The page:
Berkshire Stock at $185? NYSE Glitch Briefly Sends Shares 99% Lower

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It’s been 14 years since the “flash crash” that sent large-cap stocks tumbling for a day. A few level-headed traders took advantage of that technology-induced share-price rout, no doubt. However, something like that could never happen in 2024 — right?

Of course, it’s not 2010 anymore and technology has advanced quite a bit, but Monday’s stock traders discovered that major exchange errors are still possible. It’s a weird and worrisome way to start off the week, and astute investors have every right to consider the startling implications of a glitchy, twitchy market.

Now, that’s what I call a bargain

Berkshire Hathaway (NYSE:BRK.A) (NYSE:BRK.B) CEO Warren Buffett is a legendary bargain hunter. Wouldn’t it be ironic then if Berkshire’s Class A shares suddenly traded at a 99% discount?

Let me back up for a moment and provide a quick peek behind the curtain. Unlike people with well-rounded, fulfilling lives, I spend my scant free time scanning for stocks making outsized daily moves.

I’d thought I’d seen everything until, soon after the stock market opened on Monday morning, I discovered on social media that Nuscale Power Corp. (NYSE:SMR) stock was down by around 99% for the day.

Seeing this, I thanked my lucky stars that I had no position in SMR stock. Incidentally, Nuscale Power Corp. designs nuclear reactors, but this had nothing to do with the share-price meltdown (if you’ll forgive my pun).

Then I discerned what appeared to be a contagion of sorts. Soon after the news of the SMR stock wipeout spread, I found out that two much more famous names were also down 99%.

Those names were resource giant Barrick Gold (NYSE:GOLD) and, believe it or not, Berkshire Hathaway. More accurately, Berkshire’s Class A shares appeared to be down by about 99%, while the Class B shares traded in their usual price range.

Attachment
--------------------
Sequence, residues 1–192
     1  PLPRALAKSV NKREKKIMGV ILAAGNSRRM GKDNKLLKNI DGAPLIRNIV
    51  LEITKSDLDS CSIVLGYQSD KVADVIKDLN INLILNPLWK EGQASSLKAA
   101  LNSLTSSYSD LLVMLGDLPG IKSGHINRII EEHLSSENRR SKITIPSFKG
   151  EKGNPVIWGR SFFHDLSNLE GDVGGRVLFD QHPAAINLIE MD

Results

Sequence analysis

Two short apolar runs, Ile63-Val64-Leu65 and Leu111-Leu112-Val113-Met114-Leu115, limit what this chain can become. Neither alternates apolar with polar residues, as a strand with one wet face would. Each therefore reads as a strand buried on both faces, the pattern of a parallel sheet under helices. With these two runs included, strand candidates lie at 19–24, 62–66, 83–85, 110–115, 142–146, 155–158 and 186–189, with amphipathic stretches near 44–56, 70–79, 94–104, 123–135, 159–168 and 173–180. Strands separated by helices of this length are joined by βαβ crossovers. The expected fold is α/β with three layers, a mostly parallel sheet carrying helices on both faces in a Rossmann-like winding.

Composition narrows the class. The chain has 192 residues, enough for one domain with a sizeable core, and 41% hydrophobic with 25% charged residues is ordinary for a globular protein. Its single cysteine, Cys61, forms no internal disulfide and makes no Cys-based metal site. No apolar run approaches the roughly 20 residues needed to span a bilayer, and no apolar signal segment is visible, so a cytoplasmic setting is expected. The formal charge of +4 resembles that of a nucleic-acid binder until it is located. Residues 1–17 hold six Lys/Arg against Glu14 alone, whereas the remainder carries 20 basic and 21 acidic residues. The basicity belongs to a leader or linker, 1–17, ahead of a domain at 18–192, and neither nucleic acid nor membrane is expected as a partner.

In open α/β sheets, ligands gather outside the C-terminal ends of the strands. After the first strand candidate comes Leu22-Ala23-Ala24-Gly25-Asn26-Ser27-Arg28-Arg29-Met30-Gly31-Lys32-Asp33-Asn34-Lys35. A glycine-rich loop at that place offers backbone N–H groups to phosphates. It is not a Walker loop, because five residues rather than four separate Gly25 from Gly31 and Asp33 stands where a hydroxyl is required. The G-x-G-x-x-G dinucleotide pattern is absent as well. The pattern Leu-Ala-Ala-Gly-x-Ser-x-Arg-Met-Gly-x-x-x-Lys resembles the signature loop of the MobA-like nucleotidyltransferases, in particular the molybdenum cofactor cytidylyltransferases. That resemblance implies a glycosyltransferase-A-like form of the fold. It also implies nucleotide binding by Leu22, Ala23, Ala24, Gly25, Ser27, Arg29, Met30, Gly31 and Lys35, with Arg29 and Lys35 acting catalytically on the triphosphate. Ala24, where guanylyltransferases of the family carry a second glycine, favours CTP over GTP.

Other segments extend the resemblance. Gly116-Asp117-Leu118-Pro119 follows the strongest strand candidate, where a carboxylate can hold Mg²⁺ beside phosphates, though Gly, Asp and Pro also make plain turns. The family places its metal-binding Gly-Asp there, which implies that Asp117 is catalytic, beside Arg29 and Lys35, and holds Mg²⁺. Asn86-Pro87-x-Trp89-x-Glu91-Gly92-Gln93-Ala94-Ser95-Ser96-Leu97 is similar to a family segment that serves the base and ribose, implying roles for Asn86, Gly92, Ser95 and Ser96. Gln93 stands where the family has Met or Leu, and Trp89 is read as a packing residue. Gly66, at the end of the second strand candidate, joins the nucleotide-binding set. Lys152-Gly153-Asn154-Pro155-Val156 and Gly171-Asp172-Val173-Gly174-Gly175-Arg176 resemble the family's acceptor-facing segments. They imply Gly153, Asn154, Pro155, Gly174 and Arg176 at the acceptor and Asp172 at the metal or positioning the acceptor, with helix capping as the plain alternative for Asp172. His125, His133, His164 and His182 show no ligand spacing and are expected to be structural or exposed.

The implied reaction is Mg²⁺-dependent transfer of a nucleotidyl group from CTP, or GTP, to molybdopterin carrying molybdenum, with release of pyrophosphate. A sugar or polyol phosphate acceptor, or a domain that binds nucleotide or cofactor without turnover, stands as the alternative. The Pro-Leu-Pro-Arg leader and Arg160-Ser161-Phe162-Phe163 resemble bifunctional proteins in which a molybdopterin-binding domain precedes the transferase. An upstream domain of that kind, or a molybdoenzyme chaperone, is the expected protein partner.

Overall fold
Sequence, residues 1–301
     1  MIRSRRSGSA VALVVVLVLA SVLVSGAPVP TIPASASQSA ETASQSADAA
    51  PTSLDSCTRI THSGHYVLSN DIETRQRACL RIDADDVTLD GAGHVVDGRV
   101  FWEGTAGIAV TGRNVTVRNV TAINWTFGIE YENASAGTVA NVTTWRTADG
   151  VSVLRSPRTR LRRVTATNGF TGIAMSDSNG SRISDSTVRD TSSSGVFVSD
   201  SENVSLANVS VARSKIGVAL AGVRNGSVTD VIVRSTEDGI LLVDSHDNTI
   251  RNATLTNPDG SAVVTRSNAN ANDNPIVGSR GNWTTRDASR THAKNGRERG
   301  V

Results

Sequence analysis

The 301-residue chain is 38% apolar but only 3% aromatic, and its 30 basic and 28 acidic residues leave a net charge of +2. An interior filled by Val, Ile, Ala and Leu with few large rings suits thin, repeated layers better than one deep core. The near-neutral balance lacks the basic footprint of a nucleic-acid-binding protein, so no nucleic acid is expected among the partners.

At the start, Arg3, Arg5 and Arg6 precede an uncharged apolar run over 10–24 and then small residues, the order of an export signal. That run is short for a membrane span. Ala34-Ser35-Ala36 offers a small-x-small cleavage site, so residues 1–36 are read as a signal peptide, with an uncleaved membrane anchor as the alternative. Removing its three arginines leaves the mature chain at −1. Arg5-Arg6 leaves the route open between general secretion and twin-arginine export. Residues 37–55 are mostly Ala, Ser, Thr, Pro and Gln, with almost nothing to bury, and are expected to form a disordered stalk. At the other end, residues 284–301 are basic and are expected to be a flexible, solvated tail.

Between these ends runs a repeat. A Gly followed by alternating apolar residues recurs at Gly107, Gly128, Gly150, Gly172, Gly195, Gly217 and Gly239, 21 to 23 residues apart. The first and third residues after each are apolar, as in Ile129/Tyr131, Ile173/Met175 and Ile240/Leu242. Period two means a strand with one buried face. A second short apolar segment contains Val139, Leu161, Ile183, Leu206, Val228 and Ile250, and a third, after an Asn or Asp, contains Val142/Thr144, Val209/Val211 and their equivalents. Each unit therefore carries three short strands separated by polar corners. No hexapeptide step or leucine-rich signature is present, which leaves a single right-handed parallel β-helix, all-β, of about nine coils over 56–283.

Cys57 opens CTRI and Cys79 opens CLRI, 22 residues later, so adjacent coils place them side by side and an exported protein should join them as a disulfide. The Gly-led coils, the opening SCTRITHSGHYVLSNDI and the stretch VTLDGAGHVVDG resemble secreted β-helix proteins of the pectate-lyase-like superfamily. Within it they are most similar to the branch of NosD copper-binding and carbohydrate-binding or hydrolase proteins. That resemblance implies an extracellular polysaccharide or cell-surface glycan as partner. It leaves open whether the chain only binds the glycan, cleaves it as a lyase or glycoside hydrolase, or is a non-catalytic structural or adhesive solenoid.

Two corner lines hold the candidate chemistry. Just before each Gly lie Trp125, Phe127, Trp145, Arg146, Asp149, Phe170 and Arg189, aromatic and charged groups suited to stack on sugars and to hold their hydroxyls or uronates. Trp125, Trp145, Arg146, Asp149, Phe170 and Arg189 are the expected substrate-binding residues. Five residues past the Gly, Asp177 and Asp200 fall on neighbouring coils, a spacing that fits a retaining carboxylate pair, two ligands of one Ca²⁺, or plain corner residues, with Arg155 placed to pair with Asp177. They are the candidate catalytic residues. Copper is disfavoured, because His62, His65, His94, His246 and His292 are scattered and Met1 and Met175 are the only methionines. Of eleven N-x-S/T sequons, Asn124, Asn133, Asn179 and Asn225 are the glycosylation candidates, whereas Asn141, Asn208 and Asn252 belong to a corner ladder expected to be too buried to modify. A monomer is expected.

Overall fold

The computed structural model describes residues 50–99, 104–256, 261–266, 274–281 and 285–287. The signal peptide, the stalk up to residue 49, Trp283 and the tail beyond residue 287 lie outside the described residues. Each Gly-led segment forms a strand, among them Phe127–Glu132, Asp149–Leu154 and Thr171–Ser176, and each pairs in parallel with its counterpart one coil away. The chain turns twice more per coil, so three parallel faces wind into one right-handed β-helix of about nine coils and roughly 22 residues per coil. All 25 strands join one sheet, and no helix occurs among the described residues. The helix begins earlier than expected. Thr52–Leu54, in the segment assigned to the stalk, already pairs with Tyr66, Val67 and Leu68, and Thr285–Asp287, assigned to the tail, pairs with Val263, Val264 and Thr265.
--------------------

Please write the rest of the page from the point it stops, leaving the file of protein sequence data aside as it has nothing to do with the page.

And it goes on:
At this point, I wondered if I was dreaming or perhaps enjoying a fantastic hallucination. Nothing unusual had happened in the gold market or to Barrick in particular. Yet, GOLD stock was down from its usual price of $17 and change to a mere 25 cents per share.

Meanwhile, even while Berkshire Hathaway’s Class B shares continued to trade at their normal price of around $410 per share, the Class A shares traded at the jaw-dropping price of $185.10 per share.

For context, Berkshire’s Class A shares typically cost around $626,000 per share. They’re meant for large-scale investors seeking to participate in Buffett’s portfolio performance.

For a hot minute, it felt as if anyone could “be like Buffett” and trade big-league Berkshire shares in their not-so-big accounts. Was this the real deal though?

No, you can’t get rich from a glitch

Alas, trading was quickly halted on Nuscale Power, Barrick and Berkshire Class A shares, and I wasn’t able to load the boat on these apparent 99%-off deals of the century. I must admit, I prayed to the market gods that these issues would go unresolved long enough for me to back up the proverbial truck.

Of course, that’s not how it works. There was zero chance that I would actually get to buy Berkshire Class A stock at $185 and change or Barrick shares for a quarter apiece.

When these stocks resumed trading after being halted for an hour or two, they were back at their normal prices. It was an emotional rug-pull, though I should have fully expected this.

Here’s what happened. It was a tale of the tape — literally — as the glitches were attributable to the Consolidated Tape Association. That organization doesn’t deal with physical ticker tape in this day and age, but it does provide real-time stock quotes.

According to the the New York Stock Exchange (NYSE) via CNBC, the issue “stemmed from the price-bands published by the Consolidated Tape Association,” which cited an “issue with limit up and limit down price bands, a mechanism meant to combat market volatility, between 9:30 a.m. and 10:27 a.m. ET.”

The issue is supposedly fixed now, and the Consolidated Tape Association will “revert back to” a “prior software program,” so this hopefully won’t happen again. If anybody happened to grab some Berkshire Class A shares at $185.10, that price probably won’t be honored, and the NYSE will likely correct them to the true price.

Thus, it was a great day for financial-news reporters and an unsettling day for folks who value true price discovery and reliability in the markets. This doesn’t all add up to a compelling reason to divest one’s stocks and live in a bunker, but it at least ought to raise serious questions about the major exchanges’ ability to manage their technology in a tech-dominated market landscape.